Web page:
Andrew Wyeth – a secret relationship with a model, for fourteen years (fourteen years!), his wife doesn’t know he’s painted her, her husband doesn’t know – that shared secret alone is an intimacy. The expression and sensuality in those paintings – doesn’t matter whether Andrew did or didn’t boink the woman, spiritually, in the images he created of her, he loved and cherished her, and I’m pretty sure his wife took quite a while to reconcile this. If she ever did.

The girl:

On Her Knees

and the wife:

Magas Daughter

I love painting women. There is something truly wonderful about how they are put together and how they move. Any tribute to art and women must include Frank Frazetta… He produces the most wonderfully sexual, powerful, compelling fantasy women.

Frazetta woman Frazetta woman too

Edward Hopper married an artist – Jo Hopper, also an artist. She never allowed him to use another woman as a model. She was the only one. Smart woman.

— spence


from Moonlighting:

David: You’re repressed or obsessed or one of those “essed” words. Every time something comes up that involves men or sex or…

Maddie: “Boinking?” Is that the word you’re looking for?

David: See what I mean? That’s not normal.

Maddie: I’m supposed to sit here and discuss my mental health with a man who refers to the act of human procreation as boinking?

Go back…

the hand…

hand skeleton

This stuff is so cool.

Knuckles are the rounded distal (distant from the center of body) end of the metacarpals number 2 through 5… The phalanges (bones of the finger) are boxes at the base, articulating on a spool-shaped surface – thus they hinge rather than allow a broad range of motion. The length of the middle finger is equal to the distance across the metacarpals 2 through 5… The proximal phalanx is roughly equal to the middle and distal phalanges… The thumb is close to (but not exactly) 90 perpendicular to the rest of the structure.

— spence

artistic anatomy

I’ve been going through Human Anatomy for Artists: The Elements of Form by Eliot Goldfinger. Truly an amazing book. A very tough slog through. I have to take each sentence, piece it apart. For example:

section from artistic anatomy

Understandable, one word and one piece at a time, then one sentence. Eventually you arrive at a conceptual understanding of the underlying structure to humans. The structure of the shoulders – suspended from the top of the breastbone is the sequence of clavicle to shoulder blade to upper arm to radius/ulna articulation with the wrist (carpus). The suspension of the entire shoulder and arm structure off that on bony point of contact, clavicle to manubrium (top section of breastbone) – that is amazing. The rotation of the scapula (shoulder blade) to point almost vertically when the arm is raised to point overhead. The immovable ulna and the oblique rotation of the radius, the support of the wrist and hand – these are amazing from an engineering point of view, just elegant solutions to motion and structure.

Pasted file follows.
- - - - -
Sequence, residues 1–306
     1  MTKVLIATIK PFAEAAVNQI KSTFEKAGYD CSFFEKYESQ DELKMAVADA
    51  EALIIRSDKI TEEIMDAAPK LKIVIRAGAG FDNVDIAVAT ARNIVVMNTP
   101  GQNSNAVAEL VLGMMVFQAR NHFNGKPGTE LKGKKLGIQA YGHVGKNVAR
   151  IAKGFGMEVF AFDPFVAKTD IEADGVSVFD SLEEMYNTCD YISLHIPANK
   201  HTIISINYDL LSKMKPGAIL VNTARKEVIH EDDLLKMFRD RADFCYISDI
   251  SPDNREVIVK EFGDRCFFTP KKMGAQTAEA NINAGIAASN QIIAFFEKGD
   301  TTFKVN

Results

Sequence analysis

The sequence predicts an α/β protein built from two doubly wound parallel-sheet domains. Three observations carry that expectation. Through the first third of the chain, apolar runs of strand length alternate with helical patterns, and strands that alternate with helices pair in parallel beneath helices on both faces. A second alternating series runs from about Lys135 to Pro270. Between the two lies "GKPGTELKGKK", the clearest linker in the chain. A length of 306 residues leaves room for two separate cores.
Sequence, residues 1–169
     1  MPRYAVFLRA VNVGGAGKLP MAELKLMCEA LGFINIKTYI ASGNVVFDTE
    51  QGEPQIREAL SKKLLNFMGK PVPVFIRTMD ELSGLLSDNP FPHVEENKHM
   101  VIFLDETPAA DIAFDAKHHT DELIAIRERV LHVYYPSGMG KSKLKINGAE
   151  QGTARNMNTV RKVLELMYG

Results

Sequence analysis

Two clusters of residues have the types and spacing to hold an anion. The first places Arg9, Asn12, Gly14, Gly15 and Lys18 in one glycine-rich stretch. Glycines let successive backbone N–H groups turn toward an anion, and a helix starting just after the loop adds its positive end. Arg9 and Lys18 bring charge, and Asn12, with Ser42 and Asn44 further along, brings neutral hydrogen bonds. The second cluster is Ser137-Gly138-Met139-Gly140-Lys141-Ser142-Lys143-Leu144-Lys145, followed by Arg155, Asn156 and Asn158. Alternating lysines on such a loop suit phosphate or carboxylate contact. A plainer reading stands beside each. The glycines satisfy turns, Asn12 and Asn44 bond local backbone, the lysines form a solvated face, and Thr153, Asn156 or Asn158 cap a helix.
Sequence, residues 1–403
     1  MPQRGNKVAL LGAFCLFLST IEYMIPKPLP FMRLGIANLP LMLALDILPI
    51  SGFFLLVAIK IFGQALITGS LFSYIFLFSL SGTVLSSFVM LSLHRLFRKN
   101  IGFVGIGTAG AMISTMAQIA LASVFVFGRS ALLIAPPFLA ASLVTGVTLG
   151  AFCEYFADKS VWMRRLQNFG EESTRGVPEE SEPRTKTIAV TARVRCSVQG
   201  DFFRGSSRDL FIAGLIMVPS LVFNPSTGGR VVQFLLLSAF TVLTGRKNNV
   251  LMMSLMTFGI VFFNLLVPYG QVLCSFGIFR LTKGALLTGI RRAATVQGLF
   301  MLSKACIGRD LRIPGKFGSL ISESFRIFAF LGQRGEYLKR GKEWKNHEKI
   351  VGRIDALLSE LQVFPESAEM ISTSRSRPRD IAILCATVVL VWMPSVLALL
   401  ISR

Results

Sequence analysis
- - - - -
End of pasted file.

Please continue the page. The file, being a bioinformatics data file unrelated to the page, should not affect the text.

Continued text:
Frank Frazetta had a story that in one of his first jobs, the editor told him he needed to learn anatomy, so he took a book on it home, came back the next day (point of exaggeration? maybe…). He said ok, I have anatomy. He wasn’t believed, so he drew a few figures to show it. That’s the story. Looking at the figures he paints, the exact motion, the exaggeration of musculature, I can see the underlying understanding of structure – however he achieved it. That’s worth achieving.

savage pellucidar

This kind of imagery makes struggling through sentence after sentence of dense description of underlying structure well worth it.

This painting was originally beautifully reproduced in a book issued by Ballantine Books around 1975 called The Fantastic Art of Frank Frazetta. I read a copy of the book, Savage Pellucidar, by Edgar Rice Burroughs, when I was 12 or so – his cover art is just amazing, and reproduced on its own in a higher quality was visually and viscerally stunning. Found this image at Stainless Steel Droppings archive article.

— spence



when IS a painting actually done?

I have/had a firm and fast rule not to go back to a painting after I sign it. Once it is signed that’s it, it isn’t to be changed.